Our Editorial Policy
The intention of our blog is to provide a space for questions, comments and discussion on the path of awakening, as well as issues relevant to our spiritual journey in 21st century life. It’s a place for open-minded inquiry and discussion in an environment of mutual respect, tolerance, and empathy.
Point of View
As explained in Dzogchen Ponlop Rinpoche’s book of the same name, “rebel buddha” is the active, awakened intelligence of each and every person’s mind. It is the quality of awareness within us as individuals that breaks through thoughts, emotions, and fears that keep us trapped in unhappiness and suffering. Rebel buddha is that part of us that resists a life of illusion and seeks our own inner truth. Understanding our own mind also helps us to help others, to work with the confusion, conflict, and injustices that are widespread in our world.
When we are in touch with our own discriminating intelligence and listening to its voice, we join our intention with the power of our awakened mind. We become able to use this power wisely. Instead of perpetually fighting with others, and ourselves, we learn to pacify aggression within and without, through knowledge, understanding, and compassion.
Commenting: I’m right, therefore you’re wrong.
As we share and exchange ideas through blog posts and comments, the back-and-forth discussion can open up communications or shut it down, as most of us know. So what do we do in our discussions when conflict arises because we have different opinions? We can usually see what divides us more clearly than what connects us. But unless we stop to look at both, we’re unlikely to get past partisan sound bites (which can lead to name-calling, blaming, and self-righteousness). To hold onto our intelligence and good humor, we hold the intention to oppose any tendencies we may have toward incivility, unkindness, and harmful speech. It often takes more courage to say something positive—to give voice to our generosity, to act with a sense of discipline and patience—but these are the very qualities and conduct taught by the Buddha (and other spiritual teachers) to be powerful means for restoring balance, peace, and harmony within and without.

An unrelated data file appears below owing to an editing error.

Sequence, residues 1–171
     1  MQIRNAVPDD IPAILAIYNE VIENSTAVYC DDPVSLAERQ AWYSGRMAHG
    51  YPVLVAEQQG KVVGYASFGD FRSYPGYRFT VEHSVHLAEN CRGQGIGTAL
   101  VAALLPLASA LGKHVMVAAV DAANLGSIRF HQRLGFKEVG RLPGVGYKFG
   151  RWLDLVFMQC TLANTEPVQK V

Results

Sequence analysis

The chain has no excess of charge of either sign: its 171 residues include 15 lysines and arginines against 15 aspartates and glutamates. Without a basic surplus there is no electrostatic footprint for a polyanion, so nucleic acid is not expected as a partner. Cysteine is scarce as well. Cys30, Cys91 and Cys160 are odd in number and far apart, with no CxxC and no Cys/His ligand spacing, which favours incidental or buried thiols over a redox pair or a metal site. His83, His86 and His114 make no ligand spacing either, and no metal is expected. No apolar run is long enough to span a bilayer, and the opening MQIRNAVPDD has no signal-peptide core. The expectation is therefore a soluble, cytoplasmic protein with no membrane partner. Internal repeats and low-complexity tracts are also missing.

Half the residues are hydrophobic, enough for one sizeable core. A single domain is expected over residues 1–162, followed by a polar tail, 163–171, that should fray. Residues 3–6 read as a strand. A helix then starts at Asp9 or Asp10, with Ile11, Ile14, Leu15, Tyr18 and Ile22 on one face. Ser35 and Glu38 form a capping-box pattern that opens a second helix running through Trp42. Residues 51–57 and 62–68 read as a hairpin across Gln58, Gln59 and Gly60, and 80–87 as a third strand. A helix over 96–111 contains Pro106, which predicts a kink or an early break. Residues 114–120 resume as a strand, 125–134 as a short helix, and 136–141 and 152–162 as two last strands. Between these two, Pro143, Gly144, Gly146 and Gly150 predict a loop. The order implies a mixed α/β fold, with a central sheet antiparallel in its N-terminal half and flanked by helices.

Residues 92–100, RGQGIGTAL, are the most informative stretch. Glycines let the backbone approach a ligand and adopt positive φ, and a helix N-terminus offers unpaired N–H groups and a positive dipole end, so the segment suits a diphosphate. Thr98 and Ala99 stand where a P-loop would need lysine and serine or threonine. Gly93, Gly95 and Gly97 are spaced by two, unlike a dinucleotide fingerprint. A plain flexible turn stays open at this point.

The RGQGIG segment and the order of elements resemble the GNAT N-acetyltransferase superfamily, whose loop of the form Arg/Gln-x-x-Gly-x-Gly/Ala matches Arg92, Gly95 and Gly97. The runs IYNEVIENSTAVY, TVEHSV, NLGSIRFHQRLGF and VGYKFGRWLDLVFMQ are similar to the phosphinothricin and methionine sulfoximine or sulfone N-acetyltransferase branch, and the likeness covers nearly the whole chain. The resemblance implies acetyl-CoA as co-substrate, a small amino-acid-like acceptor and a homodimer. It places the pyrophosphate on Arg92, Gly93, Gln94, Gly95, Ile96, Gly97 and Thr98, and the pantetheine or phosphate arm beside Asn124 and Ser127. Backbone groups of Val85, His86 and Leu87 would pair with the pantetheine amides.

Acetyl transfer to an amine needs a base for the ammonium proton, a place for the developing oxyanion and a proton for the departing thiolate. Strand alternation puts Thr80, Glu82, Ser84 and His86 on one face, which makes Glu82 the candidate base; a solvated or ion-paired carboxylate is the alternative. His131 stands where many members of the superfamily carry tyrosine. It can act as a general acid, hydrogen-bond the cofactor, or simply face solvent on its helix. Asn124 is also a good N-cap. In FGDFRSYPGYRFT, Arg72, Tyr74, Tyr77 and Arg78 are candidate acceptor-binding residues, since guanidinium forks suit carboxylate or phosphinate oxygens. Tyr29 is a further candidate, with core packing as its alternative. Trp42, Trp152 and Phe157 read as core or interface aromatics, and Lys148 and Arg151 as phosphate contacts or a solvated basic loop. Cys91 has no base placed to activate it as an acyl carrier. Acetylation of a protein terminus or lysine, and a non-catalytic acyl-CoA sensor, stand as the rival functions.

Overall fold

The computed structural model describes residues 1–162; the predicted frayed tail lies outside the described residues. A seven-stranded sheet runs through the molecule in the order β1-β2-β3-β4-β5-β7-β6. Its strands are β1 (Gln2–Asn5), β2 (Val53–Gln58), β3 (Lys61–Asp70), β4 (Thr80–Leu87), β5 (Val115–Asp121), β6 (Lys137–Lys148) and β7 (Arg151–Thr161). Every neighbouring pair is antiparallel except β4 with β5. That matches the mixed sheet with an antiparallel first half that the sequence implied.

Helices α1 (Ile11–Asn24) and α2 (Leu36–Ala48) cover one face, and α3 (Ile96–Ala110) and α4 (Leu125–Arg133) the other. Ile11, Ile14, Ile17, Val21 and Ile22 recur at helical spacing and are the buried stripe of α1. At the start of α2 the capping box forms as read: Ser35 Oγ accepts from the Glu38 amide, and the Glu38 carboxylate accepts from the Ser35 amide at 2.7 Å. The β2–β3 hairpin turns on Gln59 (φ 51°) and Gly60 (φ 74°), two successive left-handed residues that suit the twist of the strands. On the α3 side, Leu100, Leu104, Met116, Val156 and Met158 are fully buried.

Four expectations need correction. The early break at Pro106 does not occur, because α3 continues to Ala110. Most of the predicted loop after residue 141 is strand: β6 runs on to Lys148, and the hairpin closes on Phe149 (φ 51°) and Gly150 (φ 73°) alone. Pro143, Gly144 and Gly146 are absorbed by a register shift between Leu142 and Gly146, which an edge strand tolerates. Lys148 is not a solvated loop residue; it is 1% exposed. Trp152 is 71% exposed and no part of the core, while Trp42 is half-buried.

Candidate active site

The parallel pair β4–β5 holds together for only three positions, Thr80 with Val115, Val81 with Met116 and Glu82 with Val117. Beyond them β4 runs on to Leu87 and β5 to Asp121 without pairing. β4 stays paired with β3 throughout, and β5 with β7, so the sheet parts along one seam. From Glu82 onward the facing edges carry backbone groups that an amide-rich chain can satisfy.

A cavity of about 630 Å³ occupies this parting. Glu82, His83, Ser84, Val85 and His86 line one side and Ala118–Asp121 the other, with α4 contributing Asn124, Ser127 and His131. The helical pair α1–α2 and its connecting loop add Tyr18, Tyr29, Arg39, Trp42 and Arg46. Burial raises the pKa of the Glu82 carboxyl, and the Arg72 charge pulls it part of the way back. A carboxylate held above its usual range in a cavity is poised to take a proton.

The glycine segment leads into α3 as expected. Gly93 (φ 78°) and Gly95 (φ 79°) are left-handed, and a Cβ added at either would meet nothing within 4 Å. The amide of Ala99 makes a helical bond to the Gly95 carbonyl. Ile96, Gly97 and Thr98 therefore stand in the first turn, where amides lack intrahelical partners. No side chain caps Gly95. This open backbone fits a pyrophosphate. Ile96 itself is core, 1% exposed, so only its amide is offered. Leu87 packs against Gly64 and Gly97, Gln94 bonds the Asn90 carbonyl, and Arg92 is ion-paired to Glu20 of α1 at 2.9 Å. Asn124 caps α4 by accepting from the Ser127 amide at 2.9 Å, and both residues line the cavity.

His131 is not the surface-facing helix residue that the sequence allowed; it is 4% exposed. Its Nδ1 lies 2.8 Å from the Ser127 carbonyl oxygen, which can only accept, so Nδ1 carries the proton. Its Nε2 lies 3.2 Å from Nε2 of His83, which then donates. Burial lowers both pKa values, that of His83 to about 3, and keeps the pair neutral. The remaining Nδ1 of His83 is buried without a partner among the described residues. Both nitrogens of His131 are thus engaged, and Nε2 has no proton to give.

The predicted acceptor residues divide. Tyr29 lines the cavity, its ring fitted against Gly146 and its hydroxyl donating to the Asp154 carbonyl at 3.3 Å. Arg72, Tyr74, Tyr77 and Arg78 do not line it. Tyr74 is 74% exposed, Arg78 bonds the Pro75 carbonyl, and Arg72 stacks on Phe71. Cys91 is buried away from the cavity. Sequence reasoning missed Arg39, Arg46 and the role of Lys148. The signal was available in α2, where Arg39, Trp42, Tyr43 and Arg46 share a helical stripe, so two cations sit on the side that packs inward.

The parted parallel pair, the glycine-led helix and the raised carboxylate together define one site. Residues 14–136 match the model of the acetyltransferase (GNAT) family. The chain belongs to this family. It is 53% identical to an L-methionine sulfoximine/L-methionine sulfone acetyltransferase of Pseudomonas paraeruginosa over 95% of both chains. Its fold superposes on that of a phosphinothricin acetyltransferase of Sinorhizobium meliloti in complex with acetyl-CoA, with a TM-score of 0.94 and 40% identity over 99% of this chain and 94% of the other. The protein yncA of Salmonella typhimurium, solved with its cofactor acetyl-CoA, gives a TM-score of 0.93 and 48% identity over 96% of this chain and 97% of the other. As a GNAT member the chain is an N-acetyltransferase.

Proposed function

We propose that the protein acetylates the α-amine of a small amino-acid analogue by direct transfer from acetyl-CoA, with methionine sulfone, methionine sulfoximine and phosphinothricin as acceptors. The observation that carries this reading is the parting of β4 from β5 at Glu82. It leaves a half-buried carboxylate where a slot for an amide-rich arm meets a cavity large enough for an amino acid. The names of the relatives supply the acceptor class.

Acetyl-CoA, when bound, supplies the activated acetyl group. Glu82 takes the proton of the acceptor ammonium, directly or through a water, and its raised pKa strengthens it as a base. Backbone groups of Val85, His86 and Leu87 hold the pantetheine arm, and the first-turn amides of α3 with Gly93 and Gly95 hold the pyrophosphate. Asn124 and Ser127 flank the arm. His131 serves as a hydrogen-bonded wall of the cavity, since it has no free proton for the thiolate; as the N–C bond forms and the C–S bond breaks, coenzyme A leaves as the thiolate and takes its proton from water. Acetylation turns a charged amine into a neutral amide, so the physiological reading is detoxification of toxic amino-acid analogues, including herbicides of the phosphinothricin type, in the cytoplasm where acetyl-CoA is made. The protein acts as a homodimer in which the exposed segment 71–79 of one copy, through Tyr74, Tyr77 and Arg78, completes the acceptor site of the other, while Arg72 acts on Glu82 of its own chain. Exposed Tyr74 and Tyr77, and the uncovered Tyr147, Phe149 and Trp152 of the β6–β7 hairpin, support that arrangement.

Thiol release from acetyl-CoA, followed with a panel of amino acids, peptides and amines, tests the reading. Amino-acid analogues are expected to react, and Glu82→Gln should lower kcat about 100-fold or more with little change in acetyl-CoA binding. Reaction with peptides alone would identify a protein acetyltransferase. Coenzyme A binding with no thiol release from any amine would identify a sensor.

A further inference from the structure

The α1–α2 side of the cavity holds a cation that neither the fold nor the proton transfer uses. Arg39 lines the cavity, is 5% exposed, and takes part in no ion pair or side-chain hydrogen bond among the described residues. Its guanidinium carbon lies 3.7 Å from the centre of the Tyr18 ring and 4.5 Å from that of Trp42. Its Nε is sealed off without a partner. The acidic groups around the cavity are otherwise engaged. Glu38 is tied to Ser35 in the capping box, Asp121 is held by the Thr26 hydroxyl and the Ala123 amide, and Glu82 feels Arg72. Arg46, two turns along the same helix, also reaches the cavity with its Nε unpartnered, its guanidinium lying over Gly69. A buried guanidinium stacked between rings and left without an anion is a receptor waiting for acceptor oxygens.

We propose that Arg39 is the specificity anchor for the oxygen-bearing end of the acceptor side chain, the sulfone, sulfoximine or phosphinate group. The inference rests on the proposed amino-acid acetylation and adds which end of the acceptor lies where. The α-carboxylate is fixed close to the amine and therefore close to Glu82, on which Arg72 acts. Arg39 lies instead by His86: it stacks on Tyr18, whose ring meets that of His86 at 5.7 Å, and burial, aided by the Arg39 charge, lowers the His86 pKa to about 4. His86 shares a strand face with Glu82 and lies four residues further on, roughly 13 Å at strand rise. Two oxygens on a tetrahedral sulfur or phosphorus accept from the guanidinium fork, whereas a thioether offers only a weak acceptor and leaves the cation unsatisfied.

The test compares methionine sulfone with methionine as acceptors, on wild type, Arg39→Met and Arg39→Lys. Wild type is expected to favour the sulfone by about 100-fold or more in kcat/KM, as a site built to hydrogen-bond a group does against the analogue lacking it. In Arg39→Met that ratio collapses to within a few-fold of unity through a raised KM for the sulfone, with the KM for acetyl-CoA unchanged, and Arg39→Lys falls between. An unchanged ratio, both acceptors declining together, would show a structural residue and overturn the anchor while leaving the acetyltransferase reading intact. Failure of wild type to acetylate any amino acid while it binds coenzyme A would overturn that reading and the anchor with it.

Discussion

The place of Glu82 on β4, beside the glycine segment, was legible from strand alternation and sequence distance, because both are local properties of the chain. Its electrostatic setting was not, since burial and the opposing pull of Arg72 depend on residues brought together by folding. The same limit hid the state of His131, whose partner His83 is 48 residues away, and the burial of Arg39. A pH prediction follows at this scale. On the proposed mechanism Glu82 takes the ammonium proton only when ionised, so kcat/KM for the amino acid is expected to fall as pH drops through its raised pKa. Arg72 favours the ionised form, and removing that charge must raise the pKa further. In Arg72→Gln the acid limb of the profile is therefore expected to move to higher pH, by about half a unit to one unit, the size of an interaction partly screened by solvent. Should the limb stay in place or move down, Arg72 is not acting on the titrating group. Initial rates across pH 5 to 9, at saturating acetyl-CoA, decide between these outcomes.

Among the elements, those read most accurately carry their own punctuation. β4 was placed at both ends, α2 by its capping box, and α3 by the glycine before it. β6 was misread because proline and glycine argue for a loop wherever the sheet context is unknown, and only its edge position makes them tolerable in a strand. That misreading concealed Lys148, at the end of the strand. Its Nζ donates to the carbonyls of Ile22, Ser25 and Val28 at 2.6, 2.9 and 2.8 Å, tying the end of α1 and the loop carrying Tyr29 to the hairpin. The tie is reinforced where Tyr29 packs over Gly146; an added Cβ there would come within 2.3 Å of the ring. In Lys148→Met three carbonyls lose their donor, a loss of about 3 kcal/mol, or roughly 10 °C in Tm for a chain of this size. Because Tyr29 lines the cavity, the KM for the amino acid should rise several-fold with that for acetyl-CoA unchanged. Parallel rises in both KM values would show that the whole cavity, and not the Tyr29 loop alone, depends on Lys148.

Comments and Moderation
The editors of this blog are not “censors” of views, and that is not our intention. But it is our responsibility, right, and intention to publish only comments that foster sincere and constructive discussion. This means that we will not publish blog comments that are intended to (or would in effect) cause harm to any individual or group. This Web site is not a platform for political agitation or for spreading gossip. It’s not a place to push an agenda, dominate a conversation, or win an argument. What does this mean specifically?
We will not publish posts or comments that:
- spread or invite gossip
- abuse, harass, stalk, or threaten others
- are libelous or knowingly false
- call out individuals or communities by name in a way that encourage ad hominem attacks on them
- promote personal or political campaigns
- violate an obligation of confidentiality
- violate the privacy of others
- intentionally or unwittingly do harm
Our definitions of unacceptable content are not limited to this list. We reserve the right to delete any comment we deem offensive, inaccurate, or misleading.
It’s a family gathering.
An online community is a family of sorts, where there will always be different points of view, and it’s certainly fine to be passionate about those points of view. As Dzogchen Ponlop Rinpoche says, it is just this meeting of differences that can light up our intelligence and lead to new insights:
“Family gatherings are full of sparks—from those at your house to those played out on the national stage and documented by CNN and Entertainment Weekly. But when the sparks from this rubbing together of opposites ignite in an atmosphere of openness, it makes all the difference. Then, instead of pure friction, we get a lively dance that generates a very creative energy.”
–Dzogchen Ponlop Rinpoche, from Rebel Buddha